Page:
Differential Effects of Mutations in NS4B on West Nile Virus Replication and Inhibition of Interferon Signaling

Fox Chase Cancer Center, Institute for Cancer Research, 333 Cottman Avenue, Philadelphia, PA 19111, USA.
Journal of Virology (Impact Factor: 4.44). 12/2007; 81(21):11809-16. DOI: 10.1128/JVI.00791-07
Source: PubMed


West Nile virus (WNV) is a human pathogen that can cause symptomatic infections associated with meningitis and encephalitis.
Previously, we demonstrated that replication of WNV inhibits the interferon (IFN) signal transduction pathway by preventing
the accumulation of phosphorylated Janus kinase 1 (JAK1) and tyrosine kinase 2 (Tyk2) (J. T. Guo et al., J. Virol. 79:1343-1350,
2005). Through a genetic analysis, we have now identified a determinant on the nonstructural protein 4B (NS4B) that controls
IFN resistance in HeLa cells expressing subgenomic WNV replicons lacking the structural genes. However, in the context of
infectious genomes, the same determinant did not influence IFN signaling. Thus, our results indicate that NS4B may be sufficient
to inhibit the IFN response in replicon cells and suggest a role for structural genes, or as yet unknown interactions, in
the inhibition of the IFN signaling pathway during WNV infections.

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    • "Mutation studies in the NS4B protein have suggested that it is associated with both viral replication and evasion of host immunity [11] [12] [13]. The NS4B P38 residue is conserved in the majority of mosquito-and tick-borne flaviviruses. "
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    ABSTRACT: Prior work shows that an attenuated West Nile virus (WNV), the nonstructural (NS)4B-P38G mutant infection in mice induced strong immune responses and protected host from subsequent lethal wild-type WNV infection. Here, we investigated NS4B-P38G mutant infection in myeloid differentiation factor 88-deficient (MyD88(-/-)) and Toll-like receptor 7-deficient (TLR7(-/-)) mice and found they had enhanced susceptibility compared to wild-type mice. Both groups had lower WNV-specific IgM response and reduced effector T cell functions. Dendritic cells (DCs) also exhibited a reduced maturation and impaired antigen-presenting functions compared to wild-type DCs. Moreover, infection with NS4B-P38G mutant in TLR7(-/-) and MyD88(-/-) mice provided full and partial protection respectively from subsequent challenge with lethal wild-type WNV. There were reduced T cell responses in MyD88(-/-) and interleukin-1 receptor deficient (IL-1R(-/-)) mice during secondary challenge with wild-type WNV. In contrast, TLR7(-/-) mice displayed normal T cell functions. Collectively, these results suggest that TLR7-dependent MyD88 signaling is required for T cell priming during NS4B-P38G mutant infection, whereas the TLR7-independent MyD88 signaling pathways are involved in memory T cell development, which may contribute to host protection during secondary challenge with wild-type WNV.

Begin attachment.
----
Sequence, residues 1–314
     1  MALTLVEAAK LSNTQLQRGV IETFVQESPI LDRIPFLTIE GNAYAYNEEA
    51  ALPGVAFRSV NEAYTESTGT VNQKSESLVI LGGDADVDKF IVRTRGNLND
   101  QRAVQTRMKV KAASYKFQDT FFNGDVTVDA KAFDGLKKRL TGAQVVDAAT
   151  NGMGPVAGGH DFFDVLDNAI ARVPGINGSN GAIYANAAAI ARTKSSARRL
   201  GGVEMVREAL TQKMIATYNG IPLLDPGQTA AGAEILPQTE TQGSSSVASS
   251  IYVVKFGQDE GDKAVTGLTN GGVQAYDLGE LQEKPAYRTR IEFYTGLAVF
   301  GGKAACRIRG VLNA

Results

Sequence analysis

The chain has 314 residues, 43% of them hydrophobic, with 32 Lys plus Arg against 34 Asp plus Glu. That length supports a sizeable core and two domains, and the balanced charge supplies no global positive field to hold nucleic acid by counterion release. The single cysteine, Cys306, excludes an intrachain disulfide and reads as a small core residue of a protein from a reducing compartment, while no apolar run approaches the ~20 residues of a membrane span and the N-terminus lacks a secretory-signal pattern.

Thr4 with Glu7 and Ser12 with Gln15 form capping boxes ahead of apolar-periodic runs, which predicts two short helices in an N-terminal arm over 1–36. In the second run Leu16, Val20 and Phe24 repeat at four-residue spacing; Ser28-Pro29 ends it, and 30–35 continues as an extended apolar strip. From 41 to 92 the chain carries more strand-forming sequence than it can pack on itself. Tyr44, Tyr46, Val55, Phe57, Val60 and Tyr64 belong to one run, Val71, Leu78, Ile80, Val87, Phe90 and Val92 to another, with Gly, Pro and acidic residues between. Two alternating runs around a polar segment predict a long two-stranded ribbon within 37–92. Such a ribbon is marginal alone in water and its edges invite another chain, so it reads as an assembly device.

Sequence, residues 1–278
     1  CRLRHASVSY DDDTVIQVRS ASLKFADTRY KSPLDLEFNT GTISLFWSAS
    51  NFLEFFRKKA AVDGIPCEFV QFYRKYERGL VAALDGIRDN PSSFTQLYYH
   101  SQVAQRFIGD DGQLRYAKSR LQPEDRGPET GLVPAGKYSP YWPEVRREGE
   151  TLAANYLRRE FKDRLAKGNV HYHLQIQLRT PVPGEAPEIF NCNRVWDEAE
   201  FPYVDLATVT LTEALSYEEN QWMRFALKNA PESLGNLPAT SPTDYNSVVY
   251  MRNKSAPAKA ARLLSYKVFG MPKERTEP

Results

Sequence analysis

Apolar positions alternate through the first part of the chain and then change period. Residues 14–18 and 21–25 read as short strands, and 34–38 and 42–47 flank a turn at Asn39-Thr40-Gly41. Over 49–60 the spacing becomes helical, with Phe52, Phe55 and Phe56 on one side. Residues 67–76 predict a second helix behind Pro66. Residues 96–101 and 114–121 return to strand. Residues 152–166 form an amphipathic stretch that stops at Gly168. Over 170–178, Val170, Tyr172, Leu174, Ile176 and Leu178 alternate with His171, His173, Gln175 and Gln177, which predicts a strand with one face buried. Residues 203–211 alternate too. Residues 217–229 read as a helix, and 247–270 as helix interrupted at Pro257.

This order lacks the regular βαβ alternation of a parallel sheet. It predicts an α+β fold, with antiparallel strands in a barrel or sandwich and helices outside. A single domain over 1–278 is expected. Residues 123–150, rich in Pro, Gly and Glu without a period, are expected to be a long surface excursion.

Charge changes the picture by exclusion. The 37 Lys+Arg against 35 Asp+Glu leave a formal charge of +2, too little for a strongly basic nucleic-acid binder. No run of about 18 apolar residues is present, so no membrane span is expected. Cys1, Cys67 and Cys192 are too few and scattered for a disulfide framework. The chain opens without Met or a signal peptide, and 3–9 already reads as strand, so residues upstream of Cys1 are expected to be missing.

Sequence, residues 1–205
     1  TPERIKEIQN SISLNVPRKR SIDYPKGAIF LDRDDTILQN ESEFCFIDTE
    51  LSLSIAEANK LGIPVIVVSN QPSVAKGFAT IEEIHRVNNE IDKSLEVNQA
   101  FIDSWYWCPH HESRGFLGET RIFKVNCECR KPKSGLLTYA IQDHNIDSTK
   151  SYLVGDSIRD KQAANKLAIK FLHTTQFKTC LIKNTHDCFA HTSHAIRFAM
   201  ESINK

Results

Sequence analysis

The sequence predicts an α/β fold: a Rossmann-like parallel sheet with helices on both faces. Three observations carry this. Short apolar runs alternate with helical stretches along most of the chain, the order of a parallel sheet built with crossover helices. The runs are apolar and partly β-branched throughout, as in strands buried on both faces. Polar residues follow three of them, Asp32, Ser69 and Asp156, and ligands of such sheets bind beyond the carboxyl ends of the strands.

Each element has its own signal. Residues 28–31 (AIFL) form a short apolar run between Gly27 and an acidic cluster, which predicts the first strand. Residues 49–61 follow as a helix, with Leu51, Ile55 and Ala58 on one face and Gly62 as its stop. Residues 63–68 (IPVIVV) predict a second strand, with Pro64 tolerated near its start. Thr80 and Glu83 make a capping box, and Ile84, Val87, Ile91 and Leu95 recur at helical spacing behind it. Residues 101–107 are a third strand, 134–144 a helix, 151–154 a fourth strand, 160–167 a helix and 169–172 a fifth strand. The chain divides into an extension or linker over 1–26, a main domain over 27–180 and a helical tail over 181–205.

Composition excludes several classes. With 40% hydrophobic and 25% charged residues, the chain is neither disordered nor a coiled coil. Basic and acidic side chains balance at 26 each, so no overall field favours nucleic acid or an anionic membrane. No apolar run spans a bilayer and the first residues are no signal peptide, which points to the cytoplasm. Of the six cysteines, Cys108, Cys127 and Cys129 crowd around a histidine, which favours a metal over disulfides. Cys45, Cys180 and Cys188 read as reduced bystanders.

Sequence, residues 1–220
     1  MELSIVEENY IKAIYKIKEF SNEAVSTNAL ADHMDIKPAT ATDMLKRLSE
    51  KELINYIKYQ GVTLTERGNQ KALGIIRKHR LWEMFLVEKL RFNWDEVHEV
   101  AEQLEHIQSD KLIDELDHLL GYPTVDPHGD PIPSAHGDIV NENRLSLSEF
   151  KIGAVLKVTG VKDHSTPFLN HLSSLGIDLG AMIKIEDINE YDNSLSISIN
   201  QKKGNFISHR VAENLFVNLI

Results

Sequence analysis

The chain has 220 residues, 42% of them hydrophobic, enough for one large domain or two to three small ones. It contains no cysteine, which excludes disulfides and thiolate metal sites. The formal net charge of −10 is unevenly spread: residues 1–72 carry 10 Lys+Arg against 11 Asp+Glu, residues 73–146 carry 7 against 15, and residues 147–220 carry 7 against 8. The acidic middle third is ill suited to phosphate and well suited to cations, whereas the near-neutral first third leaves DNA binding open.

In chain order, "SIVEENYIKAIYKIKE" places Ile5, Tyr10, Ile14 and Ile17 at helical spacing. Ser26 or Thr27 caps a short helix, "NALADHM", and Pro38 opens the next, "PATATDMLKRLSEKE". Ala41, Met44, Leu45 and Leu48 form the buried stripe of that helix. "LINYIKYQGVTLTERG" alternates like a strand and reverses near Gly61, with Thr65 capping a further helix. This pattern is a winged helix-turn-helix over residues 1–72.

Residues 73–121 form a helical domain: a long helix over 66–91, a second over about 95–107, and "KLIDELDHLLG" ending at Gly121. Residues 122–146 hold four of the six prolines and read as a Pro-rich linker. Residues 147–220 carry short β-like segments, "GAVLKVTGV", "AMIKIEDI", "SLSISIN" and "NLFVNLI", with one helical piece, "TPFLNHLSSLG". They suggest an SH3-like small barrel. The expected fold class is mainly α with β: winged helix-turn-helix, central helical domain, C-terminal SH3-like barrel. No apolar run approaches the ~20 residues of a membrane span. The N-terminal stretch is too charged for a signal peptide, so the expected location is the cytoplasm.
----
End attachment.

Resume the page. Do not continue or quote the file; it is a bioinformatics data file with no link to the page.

Full-text · Article · Jul 2013 · Vaccine
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    • "Overall, the structural proteins are involved in virus binding and penetration of host cells [19], while the non-structural proteins are involved in the replicative cycle [20] and induce immunological evasion mainly through the inhibition of type I interferon signaling [21,22]. Still, it has been suggested that other unidentified factors could play a role in the pathogenesis of WNV neuroinvasive disease [23]. Melian et al. demonstrated that the NS1’ protein, a known variant of the canonical NS1 protein, results from a ribosomal frame shifting process [24]. "